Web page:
I did the Foucault pendulum experiment today. I used a 45 pound weight hung on about 12 or 15 feet of inelastic cord. I understand that a great and highly precise experiment will show one full rotation of the plane of oscillation in about 24 hours, but my pendulum was rotating at a rate that appears to be too fast.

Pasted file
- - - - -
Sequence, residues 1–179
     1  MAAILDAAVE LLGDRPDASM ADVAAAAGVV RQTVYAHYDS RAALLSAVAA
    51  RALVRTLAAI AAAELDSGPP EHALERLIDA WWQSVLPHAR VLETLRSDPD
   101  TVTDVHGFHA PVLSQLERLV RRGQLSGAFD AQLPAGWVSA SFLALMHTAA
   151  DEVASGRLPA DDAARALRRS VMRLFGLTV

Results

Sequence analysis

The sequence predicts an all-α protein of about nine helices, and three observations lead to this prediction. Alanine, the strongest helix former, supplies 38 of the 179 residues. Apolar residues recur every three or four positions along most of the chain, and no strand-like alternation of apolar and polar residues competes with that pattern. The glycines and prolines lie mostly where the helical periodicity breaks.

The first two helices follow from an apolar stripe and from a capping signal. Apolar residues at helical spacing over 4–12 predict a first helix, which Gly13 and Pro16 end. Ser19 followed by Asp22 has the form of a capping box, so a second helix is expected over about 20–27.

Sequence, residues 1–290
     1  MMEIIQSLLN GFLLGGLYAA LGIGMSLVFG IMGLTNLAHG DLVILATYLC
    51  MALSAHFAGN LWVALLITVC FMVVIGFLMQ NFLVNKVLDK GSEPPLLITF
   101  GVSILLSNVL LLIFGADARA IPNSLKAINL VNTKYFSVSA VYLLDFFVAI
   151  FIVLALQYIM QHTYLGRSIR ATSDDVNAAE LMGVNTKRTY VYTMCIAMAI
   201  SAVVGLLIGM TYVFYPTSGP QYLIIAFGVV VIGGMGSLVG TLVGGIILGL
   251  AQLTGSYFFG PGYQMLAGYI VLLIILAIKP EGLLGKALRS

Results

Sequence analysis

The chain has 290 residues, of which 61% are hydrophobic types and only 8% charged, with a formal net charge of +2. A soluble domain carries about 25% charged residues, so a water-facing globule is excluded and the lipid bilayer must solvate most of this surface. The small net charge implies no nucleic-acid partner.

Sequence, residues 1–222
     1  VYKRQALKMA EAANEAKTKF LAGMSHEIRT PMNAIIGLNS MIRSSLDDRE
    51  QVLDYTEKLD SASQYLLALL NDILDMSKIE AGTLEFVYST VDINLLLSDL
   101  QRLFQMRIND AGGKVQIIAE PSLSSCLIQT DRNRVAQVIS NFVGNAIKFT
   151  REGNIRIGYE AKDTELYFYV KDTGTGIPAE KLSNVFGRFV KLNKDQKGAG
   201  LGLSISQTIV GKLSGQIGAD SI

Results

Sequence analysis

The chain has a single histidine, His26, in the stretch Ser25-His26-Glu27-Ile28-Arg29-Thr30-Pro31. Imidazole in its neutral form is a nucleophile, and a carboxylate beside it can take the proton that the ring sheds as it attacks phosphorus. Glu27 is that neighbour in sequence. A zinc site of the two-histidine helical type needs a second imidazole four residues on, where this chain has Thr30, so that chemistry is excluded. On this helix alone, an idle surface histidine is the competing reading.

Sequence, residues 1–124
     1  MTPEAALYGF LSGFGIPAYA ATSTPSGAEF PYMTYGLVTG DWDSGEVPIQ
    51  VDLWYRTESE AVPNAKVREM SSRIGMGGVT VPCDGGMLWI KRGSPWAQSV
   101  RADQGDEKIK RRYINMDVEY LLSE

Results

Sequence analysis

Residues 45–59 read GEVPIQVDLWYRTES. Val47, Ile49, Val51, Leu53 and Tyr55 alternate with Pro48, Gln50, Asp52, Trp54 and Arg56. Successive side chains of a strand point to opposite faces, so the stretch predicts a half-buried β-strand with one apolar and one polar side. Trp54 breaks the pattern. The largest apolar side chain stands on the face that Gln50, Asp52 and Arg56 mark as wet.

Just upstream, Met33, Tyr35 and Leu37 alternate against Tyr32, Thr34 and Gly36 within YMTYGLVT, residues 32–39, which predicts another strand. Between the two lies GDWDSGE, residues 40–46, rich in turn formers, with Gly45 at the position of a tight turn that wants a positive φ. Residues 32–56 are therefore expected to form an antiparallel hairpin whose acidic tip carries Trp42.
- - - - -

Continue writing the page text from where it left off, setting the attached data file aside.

What would be the causes of too fast rotation? The Earth's rotation must impart a torque on the weight through the twisting of the cord, can that increase rotation speed? Here is my main question: can I trust the underlying signal of the counterclockwise rotation even though it is going too fast? Is this experiment sufficient to show that I am in the southern hemisphere? What might cause the too fast rotation? I released the pendulum by burning its restraint cord, and you can see the initial motion is very nearly planar with little to no elliptical deviation. How can I improve my experiment? I will get some metal wire today and replace the nylon cord with metal wire for a repeat experiment. Please criticize my experiment to help me diagnose the systematics which lead to the too fast rotation. The time elapsed in the gif is about 6 minutes.